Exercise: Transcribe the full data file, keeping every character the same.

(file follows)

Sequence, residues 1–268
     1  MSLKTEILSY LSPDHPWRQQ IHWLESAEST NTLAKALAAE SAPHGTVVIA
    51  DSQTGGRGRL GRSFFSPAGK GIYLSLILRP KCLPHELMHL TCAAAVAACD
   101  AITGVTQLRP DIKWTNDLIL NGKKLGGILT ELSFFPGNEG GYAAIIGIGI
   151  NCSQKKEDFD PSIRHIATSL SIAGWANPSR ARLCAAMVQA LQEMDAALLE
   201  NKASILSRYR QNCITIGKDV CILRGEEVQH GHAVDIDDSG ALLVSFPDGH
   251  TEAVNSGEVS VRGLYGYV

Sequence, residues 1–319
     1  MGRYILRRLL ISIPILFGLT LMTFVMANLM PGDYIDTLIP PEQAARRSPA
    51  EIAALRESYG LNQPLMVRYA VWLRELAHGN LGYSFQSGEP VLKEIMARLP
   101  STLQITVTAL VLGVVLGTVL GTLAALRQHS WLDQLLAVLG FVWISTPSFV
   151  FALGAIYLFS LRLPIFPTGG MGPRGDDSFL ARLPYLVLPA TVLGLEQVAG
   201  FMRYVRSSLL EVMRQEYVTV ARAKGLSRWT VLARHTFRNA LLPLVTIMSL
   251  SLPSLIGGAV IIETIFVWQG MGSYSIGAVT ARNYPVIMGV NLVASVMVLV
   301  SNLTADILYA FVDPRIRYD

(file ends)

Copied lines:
Sequence, residues 1–268
     1  MSLKTEILSY LSPDHPWRQQ IHWLESAEST NTLAKALAAE SAPHGTVVIA
    51  DSQTGGRGRL GRSFFSPAGK GIYLSLILRP KCLPHELMHL TCAAAVAACD
   101  AITGVTQLRP DIKWTNDLIL NGKKLGGILT ELSFFPGNEG GYAAIIGIGI
   151  NCSQKKEDFD PSIRHIATSL SIAGWANPSR ARLCAAMVQA LQEMDAALLE
   201  NKASILSRYR QNCITIGKDV CILRGEEVQH GHAVDIDDSG ALLVSFPDGH
   251  TEAVNSGEVS VRGLYGYV

Sequence, residues 1–319
     1  MGRYILRRLL ISIPILFGLT LMTFVMANLM PGDYIDTLIP PEQAARRSPA
    51  EIAALRESYG LNQPLMVRYA VWLRELAHGN LGYSFQSGEP VLKEIMARLP
   101  STLQITVTAL VLGVVLGTVL GTLAALRQHS WLDQLLAVLG FVWISTPSFV
   151  FALGAIYLFS LRLPIFPTGG MGPRGDDSFL ARLPYLVLPA TVLGLEQVAG
   201  FMRYVRSSLL EVMRQEYVTV ARAKGLSRWT VLARHTFRNA LLPLVTIMSL
   251  SLPSLIGGAV IIETIFVWQG MGSYSIGAVT ARNYPVIMGV NLVASVMVLV
   301  SNLTADILYA FVDPRIRYD